Spencer Fire Department unveils new brush pumper truck
City purchased truck with assistance of $55k REAP Grant
By Tonya Little
It was a day of celebration as city leaders and community members gathered at the Spencer Fire Department on June 29 to present the new state-of-the art brush pumper truck. The fire department held a traditional “wetdown” ceremony and ribbon cutting to showcase the new vehicle.
The City of Spencer and Spencer Fire Department have been working on this project for over two years, and with the help of the Association of Central Oklahoma Governments (ACOG) and the Oklahoma Emergency Management Services, they were able to see the project through. ACOG awarded the fire department a $55,000 grant through their Rural Economic Action Plan (REAP) program. The Oklahoma County Emergency Management Services supplied them with the truck chassis, which is valued between $44,000-$48,000. With the help of those services, and a public safety tax passed by Spencer, the city was able to purchase the new vehicle which is valued at about $190,000.
“It’s a new brush pumper, or wild land fire and rescue unit. Basically, we’ll be using it for grass fires, wildfires, and on minor rescue calls. It’s a 2020 F550, it was sent to be converted into what’s called a T5 Skeeter Brush unit. It holds 400 gallons of water on it and 10 pounds of foam. Everything from the turret on the front to the hose lines in the back, everything can be controlled from the cab. As far as the water is concerned, we can start and stop pumps from inside,” said Fire Chief Dale Griffith.
The “Wetdown” ceremony is a traditional event that dates back to the times when fire pumpers were horse-driven and powered by hand. Following a fire, the horses would be separated from the pumper car and both horse and pumper would be washed by the firefighters. The pumper would then be pushed back into the station ready for the next fire. The firefighters wet down the new vehicle, and with the help of others attending the event, they pushed it into the fire station, signifying that it is ready for service.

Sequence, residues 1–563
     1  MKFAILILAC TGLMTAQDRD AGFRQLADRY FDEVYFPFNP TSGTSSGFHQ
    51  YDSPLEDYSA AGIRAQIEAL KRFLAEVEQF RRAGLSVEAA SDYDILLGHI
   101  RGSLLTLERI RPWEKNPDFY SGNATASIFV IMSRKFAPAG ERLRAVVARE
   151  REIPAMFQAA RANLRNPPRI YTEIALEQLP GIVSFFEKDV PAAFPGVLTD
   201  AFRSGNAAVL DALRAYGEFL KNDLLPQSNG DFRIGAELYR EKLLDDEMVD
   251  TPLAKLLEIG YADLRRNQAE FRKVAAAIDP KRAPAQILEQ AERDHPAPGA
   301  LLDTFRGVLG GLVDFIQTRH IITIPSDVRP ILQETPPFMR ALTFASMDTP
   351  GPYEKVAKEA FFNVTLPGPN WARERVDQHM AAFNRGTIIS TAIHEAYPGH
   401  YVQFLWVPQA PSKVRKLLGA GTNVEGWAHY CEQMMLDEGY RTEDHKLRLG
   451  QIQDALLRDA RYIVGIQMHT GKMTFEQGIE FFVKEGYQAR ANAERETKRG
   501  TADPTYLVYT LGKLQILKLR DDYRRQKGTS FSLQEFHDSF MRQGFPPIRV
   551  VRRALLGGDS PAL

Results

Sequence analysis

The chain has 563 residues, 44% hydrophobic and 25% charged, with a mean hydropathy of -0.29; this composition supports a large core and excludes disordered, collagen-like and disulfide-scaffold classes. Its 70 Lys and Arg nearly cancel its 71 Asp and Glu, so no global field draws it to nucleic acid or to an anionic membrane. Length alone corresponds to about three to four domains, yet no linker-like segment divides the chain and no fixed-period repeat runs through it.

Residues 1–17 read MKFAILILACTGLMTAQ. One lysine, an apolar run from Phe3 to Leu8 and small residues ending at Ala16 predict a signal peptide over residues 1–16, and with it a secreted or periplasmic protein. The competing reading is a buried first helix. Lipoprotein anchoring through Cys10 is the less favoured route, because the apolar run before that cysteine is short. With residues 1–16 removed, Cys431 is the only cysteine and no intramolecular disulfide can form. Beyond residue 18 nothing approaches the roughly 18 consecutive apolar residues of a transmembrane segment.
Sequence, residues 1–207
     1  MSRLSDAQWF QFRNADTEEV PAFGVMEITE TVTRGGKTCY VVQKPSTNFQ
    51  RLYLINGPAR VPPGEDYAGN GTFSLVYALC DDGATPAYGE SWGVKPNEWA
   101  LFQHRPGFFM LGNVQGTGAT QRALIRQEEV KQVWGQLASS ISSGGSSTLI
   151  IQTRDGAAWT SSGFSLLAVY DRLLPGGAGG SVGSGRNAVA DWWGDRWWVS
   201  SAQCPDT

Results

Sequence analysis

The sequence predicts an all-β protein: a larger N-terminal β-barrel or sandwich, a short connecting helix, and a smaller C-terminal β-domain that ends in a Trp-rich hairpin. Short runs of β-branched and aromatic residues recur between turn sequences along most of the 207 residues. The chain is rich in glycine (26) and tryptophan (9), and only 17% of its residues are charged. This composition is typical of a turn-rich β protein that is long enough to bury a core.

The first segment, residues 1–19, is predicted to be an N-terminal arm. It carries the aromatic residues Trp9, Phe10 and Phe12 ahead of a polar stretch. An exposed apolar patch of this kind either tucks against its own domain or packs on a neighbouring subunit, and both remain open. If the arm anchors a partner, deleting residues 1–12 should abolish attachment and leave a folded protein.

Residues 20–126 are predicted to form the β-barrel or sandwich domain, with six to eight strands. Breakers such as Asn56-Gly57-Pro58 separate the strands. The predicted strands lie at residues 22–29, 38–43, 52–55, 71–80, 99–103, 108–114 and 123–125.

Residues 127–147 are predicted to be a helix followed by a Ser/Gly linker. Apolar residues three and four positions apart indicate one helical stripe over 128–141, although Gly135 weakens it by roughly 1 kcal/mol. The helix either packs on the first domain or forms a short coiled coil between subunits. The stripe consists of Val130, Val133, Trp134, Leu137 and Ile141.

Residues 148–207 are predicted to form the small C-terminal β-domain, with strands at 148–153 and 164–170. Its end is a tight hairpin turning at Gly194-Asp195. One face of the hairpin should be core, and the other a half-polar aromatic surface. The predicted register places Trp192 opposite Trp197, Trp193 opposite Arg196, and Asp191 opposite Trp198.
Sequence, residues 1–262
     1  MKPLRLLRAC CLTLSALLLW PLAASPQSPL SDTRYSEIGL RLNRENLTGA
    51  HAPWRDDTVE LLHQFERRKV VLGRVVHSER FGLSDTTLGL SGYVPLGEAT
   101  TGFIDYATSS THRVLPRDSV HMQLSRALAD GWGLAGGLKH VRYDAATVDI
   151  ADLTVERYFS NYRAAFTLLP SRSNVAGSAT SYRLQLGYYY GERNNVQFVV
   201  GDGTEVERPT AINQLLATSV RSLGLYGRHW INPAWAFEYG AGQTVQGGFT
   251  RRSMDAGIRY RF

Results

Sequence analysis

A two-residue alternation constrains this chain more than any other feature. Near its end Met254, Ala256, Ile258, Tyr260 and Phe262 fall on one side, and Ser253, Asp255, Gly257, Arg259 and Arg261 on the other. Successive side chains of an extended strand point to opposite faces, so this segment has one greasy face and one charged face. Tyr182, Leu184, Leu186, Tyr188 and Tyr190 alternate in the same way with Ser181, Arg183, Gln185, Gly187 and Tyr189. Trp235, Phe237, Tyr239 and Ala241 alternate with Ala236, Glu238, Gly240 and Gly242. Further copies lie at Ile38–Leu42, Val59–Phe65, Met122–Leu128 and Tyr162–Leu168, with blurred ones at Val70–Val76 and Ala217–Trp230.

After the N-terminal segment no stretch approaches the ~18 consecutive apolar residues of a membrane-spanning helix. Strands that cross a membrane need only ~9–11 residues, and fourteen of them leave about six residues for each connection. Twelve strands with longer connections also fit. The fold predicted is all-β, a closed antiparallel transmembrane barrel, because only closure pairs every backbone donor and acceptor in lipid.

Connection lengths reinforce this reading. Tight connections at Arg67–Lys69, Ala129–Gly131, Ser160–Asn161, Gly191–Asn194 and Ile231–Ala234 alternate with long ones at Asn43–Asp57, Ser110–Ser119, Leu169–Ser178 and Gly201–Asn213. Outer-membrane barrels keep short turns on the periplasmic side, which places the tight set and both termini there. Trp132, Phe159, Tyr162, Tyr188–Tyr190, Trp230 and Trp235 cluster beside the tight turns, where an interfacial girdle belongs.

“This is great event for our city. We’re very excited that this is happening, this is very important for our community. Thank you to everyone here for helping to celebrate with our city,” said Mayor Frank Calvin. “Our number one job as elected officials are to make sure that we do the right thing for our city, when we vote and say yes for equipment like this, we are doing our citizens right.”
The City Council put together a tribute award to show how far the fire department has come through the years which they presented at the ribbon cutting. Many city leaders were in attendance to support the Spencer Fire Department including Oklahoma County Commissioner Carrie Blumert and Director of Emergency Management of Oklahoma City Frank Barnes.
“One of my favorite parts of my job is coming out to communities like Spencer and getting to help people and see my constituents face to face and see things that actually impact their everyday life, and that is what I really love about this job,” said Blumert.
The REAP Program was created by the Oklahoma Legislature and appropriates funding for small, rural communities with populations under 7,000. ACOG administers the grant process in Central Oklahoma for REAP projects. REAP grants require no match and may include improvements in rural water quality, rural solid waste disposal or treatment, rural sanitary sewer construction or upgrades, provision of rural health care services (including emergency medical care), telecommunications improvements, projects that increase employment levels, and municipal energy distribution system improvements. REAP grants may also fund projects such as road and street construction or repair, drainage projects, rural highway improvements, county bridge construction or repair, industrial access road construction or repair, among other specific transportation projects.
“The truck is also part of the Oklahoma County Task Force, which that means anywhere in the state of Oklahoma, if there is a call for the task force, there is a group of us, of fire departments all together, each department sends what they can to go help with that fire. It could be anywhere, so it’s going to help more than just us,” said Griffith. “It’s the most advanced type of truck that we have ever had, by far. The community is welcome to come look at it anytime, the firefighters will show them, so come see what your city has.”